width=398Every so often, one can read a news article about a particular person, usually a professional, who has been fired due to misrepresentation on their original application or resume. Usually, this is in connection with some other impropriety or misconduct on the part of the person, and their past record becomes an object of attention. Needless to say, dishonesty in a resume is grounds for termination. For example, stating that you possess a degree that you never completed, stating that you worked at a company you didn't, stating that you worked there for a longer period of time, stating that you held a different title or level, stating that you belonged to organizations or associations you didn't, or any other material misrepresentations of fact.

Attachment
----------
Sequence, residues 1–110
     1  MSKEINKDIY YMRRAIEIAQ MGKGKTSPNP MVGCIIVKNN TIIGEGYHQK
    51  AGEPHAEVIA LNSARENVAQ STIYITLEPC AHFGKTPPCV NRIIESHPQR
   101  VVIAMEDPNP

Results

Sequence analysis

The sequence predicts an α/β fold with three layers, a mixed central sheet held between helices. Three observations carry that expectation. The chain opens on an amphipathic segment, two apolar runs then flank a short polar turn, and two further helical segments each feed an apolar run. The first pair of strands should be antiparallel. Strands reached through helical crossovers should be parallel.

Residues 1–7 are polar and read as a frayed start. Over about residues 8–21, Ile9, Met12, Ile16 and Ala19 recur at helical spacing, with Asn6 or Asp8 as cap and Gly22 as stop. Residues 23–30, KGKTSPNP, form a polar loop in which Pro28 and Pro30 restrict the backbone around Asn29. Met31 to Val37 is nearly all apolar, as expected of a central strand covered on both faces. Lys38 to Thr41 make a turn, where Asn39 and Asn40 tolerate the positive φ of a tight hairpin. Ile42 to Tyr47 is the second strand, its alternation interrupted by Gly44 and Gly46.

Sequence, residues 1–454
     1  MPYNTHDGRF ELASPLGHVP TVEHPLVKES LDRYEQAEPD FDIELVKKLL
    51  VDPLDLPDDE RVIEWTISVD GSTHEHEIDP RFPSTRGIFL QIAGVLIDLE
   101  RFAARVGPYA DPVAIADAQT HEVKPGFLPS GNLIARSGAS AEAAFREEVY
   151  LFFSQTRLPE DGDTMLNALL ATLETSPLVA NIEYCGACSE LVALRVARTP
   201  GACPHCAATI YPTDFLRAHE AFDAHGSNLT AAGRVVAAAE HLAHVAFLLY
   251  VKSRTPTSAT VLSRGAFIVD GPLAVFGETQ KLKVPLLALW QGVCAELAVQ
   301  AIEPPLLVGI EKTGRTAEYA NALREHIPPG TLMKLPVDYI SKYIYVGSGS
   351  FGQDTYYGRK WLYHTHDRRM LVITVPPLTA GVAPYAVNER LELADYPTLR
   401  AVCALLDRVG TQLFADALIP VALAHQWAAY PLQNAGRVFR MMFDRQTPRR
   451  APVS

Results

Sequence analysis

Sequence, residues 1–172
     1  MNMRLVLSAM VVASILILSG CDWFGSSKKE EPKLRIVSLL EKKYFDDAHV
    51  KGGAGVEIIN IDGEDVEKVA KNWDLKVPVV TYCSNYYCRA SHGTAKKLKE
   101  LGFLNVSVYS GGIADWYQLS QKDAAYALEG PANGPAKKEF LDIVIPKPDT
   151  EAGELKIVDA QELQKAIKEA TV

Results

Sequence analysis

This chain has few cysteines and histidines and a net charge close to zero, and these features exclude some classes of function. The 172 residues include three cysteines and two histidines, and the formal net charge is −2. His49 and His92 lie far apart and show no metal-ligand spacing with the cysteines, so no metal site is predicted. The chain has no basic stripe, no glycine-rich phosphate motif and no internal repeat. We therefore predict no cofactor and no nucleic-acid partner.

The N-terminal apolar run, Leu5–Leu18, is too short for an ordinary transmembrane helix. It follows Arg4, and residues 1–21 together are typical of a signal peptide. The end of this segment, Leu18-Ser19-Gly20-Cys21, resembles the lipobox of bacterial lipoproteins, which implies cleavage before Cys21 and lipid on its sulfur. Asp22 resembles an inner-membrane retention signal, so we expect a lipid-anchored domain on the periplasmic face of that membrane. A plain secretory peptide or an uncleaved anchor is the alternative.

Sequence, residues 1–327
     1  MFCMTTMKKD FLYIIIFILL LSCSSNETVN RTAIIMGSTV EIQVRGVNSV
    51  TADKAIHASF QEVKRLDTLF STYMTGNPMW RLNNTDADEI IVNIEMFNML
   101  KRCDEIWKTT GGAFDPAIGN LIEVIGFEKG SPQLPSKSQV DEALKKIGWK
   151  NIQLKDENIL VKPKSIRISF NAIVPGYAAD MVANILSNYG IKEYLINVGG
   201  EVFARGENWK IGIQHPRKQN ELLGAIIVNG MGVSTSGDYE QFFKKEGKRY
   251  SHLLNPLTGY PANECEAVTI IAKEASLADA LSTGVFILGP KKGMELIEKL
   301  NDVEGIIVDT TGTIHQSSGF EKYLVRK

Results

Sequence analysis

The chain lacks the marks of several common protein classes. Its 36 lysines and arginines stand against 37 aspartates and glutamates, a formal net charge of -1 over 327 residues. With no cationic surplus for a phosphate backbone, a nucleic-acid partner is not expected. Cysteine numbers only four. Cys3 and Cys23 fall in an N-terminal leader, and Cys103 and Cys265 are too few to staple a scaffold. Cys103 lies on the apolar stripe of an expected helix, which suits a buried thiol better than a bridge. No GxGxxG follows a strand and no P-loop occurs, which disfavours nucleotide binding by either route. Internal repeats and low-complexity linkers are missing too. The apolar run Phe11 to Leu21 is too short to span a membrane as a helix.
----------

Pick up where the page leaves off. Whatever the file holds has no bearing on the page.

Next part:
Exaggeration, although not advisable, is in a different category, but should also be avoided. Employers are not looking for unrealistic qualifications, but they are looking for honesty. After all, if you cannot be trusted to provide accurate information about your past, how can you be trusted with their business, money, or customers? There are no hard and fast guidelines as to the many gray areas that go into making a job-winning resume, but a combination of honesty and assertiveness will work the best. Your resume is in fact a marketing tool, not a dossier. You can consider that your resume is similar in some ways to job ads, in which employers extol the virtues of working with their companies. They will likely tout the excellent benefits, great working conditions, competitive salary, etc., etc. Of course, they don't tell you anything even slightly negative.